• popularity/activeness of parties/candidates in social networks - visits, comments, likes, shares;
  • conducting public opinion polls;
  • studying the types and nature of messages;
  • placement of political advertising and sponsorship messages: number, subject, algorithm of distribution, targeting, disclosure of funding sources.

Civil Network OPORA, together with NDI and ISFED, has developed a unique methodology to monitor Facebook. It is called "Fact-a-layzer", and was previously tested by the ISFED NGO during 2018 presidential election in Georgia. The tool allows you to collect public messages on Facebook, group them under different categories, automatically analyze and visualize the information. Civil Network OPORA has started to monitor Facebook on 31 December, the day official presidential election started. Observation was focused on the following objects:

  1. Activeness of presidential candidates and other electoral subjects on Facebook.
  2. Activeness on Facebook pages, created to discredit presidential candidates.
  3. Pages used for sharing disinformation and fake messages.
  4. Promotion of posts through advertising on Facebook.
  5. The work of mass media and popular Ukrainian public pages.

Thus, OPORA's research covered over 300 public pages on Facebook, which have had around 200,000 posts, during the election campaign. OPORA had closely monitored official pages of presidential candidates and pages, created to disseminate discrediting posts about candidates.

One of the most important metric for popularity on Facebook is Talking About This. It shows the number of people interacting (commenting, liking, and sharing) on this page over the past seven days. This infographic shows dynamics of the Talking About This metric for top ten pages of presidential candidates during the period from December 31, 2019 to April 1, 2019. Thus, the page of candidate Petro Poroshenko had been discussed the most over the whole election process. Only sometimes it was behind the following pages: "Yuliia Tymoshenko", "Team of Zelenskyi", "Oleksandr Shevchenko", and "Vitalii Kuprii".

The metric Talking About This depends on the number of subscribers a page has, but it is also heavily depends on promotion of posts using Facebook advertising. In other words, the more advertising is bought, the higher metric Talking About This is. For example, a post on candidate's Facebook page, which had the highest ranking over the whole election campaign.

Candidate Oleksandr Shevchenko spent from 10 to 50 thousands of US dollars on promotion of this post. As a result, his page became the first in Talking About This on 12 March. However, pages, that were specialized on "black PR", spent similar amounts on advertising. For example, pages "Antipor", "Servant of the freak", "Real Hryshch", "BabYulia", "Muesli of Klychko". This infographic depicts the dynamics of Talking About This metric for top 10 pages created to discredit candidates.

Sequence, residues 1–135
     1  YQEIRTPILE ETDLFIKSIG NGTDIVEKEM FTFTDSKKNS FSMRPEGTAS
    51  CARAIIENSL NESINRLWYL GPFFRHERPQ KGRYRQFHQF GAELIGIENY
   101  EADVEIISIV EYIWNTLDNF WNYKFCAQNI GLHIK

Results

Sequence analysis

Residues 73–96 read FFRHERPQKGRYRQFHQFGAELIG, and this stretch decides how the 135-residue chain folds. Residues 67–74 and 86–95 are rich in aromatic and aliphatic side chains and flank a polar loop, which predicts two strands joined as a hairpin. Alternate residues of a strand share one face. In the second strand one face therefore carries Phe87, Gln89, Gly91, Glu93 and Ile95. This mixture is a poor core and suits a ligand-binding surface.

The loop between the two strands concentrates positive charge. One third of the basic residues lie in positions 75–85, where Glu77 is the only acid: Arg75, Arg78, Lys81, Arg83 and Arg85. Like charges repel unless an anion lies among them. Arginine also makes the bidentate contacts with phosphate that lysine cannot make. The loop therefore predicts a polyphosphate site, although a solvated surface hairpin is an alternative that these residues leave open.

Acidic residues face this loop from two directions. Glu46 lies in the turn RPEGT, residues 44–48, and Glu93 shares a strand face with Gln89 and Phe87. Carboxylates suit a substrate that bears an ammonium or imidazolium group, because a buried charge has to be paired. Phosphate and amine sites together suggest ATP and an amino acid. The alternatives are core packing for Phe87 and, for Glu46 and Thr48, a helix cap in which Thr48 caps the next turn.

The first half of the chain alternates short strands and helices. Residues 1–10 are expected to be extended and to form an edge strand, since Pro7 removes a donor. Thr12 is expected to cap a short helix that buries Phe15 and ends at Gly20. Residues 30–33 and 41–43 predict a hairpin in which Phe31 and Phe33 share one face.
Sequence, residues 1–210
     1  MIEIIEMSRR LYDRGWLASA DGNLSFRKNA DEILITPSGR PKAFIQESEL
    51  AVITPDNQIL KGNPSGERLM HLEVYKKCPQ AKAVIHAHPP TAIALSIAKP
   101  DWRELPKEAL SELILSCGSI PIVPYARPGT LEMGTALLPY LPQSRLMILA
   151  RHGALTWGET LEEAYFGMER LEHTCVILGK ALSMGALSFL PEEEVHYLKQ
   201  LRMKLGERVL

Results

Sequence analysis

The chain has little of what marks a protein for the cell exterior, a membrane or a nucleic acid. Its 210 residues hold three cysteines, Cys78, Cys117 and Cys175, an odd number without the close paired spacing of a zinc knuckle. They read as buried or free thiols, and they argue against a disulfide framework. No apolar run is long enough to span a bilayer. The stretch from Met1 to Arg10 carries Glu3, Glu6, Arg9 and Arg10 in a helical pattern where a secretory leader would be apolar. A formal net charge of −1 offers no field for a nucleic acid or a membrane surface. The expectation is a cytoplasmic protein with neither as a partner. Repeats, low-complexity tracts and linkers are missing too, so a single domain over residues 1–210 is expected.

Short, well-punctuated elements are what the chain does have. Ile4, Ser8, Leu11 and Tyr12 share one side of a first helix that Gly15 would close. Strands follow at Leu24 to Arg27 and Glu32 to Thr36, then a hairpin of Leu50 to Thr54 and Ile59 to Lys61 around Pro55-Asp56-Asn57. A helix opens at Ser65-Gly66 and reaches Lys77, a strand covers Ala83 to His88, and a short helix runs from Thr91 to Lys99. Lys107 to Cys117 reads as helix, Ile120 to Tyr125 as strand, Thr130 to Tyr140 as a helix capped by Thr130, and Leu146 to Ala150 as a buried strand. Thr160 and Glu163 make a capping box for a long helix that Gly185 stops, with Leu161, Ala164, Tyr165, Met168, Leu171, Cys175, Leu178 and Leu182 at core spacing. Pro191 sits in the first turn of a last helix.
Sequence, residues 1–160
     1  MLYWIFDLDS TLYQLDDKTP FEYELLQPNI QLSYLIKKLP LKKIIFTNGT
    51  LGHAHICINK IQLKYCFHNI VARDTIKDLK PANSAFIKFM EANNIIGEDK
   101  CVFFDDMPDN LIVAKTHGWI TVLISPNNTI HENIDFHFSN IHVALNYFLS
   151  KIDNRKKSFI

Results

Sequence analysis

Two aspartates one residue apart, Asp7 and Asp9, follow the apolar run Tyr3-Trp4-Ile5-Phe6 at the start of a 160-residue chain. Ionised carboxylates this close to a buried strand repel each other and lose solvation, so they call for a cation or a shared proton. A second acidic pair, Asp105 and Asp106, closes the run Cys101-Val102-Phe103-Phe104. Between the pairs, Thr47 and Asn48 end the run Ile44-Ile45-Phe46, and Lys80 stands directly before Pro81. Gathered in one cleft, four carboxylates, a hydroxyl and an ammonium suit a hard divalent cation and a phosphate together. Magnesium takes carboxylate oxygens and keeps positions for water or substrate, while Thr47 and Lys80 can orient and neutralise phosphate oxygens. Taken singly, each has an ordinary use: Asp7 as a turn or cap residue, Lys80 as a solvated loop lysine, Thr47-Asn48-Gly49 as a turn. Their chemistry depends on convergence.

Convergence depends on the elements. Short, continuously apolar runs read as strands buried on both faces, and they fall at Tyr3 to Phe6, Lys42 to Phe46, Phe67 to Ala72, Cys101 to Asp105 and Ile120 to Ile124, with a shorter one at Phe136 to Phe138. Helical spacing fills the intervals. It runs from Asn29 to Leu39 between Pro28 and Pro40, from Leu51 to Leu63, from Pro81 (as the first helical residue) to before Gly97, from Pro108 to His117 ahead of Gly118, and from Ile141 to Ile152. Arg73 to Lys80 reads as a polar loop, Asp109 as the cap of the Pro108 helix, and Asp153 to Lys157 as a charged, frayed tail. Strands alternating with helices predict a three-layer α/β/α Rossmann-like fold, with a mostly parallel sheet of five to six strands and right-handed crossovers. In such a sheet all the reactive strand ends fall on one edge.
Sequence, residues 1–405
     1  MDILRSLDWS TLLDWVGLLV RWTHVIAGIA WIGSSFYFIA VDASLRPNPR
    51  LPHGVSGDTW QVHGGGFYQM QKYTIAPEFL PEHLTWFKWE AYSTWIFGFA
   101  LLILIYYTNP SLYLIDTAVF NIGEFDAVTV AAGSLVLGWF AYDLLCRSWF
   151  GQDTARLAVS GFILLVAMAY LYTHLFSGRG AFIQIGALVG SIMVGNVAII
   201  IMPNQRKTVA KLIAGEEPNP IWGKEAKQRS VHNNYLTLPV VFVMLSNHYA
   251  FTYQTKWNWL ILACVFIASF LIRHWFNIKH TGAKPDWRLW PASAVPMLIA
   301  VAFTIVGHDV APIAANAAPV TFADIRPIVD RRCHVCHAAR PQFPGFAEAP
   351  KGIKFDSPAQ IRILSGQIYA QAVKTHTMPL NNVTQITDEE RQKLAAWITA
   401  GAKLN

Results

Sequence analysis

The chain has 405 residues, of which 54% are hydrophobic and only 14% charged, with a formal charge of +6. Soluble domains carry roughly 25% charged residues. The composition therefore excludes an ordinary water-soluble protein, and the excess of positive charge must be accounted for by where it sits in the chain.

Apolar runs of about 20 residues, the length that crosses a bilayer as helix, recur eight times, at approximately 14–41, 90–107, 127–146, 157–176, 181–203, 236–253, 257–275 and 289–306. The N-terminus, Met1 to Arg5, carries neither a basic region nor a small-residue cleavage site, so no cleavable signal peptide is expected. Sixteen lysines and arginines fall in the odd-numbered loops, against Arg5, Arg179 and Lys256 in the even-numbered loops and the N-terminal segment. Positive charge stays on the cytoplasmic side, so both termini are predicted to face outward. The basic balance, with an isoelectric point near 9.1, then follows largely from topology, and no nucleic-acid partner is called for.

It is clear from the infographic that page "AntiPor", aimed to discredit Petro Poroshenko, was discussed the most during the largest period of the election campaign. It is also interesting that the page emerged on 21 January 2019, 5 days after a similar page "Antipor" was blocked. Pages "Servant of the freak", "Boycott the Party of Regions", "Promiser" and "Benia's Clown".

When exploring the rankings of publications on Facebook, we noticed that the following posts were the most popular during the first round of election campaign:

1. Post about Yurii Lutsenko and his activeness on "AntiPor";

2. Video about Dmitro Gordon's call not to vote for Petro Poroshenko on page "AntiPor";

3. Video about the "Dembel chord" of Petro Poroshenko on page "Promiser";

4. Announcement about flash mob #PetiaDontRunForPresidency on page "AntiPor".

Finally, Civil Network OPORA analyzed Talking About This metric for public Facebook pages. According to the results, pages of editions DialogUA, TSN,, Obozrevatel, and 24th Channel were the most represented during the presidential campaign.

[1] Medvedchuk, M. Internet technologies as an instrument to form the candidate's image during election campaigns. Modern Ukrainian politics. Politicians and political scientists about her. - 2009

[2] Yanchenko A. Social media as an element of political communication. Political Management, (1-2). - 2013. - p. 153-163.